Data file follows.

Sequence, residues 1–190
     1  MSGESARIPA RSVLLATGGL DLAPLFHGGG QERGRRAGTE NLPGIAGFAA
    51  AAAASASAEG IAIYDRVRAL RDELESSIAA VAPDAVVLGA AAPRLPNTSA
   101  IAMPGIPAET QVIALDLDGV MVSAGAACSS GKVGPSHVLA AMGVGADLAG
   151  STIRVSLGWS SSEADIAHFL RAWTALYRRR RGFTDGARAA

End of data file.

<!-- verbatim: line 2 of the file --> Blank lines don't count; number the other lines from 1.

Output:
     1  MSGESARIPA RSVLLATGGL DLAPLFHGGG QERGRRAGTE NLPGIAGFAA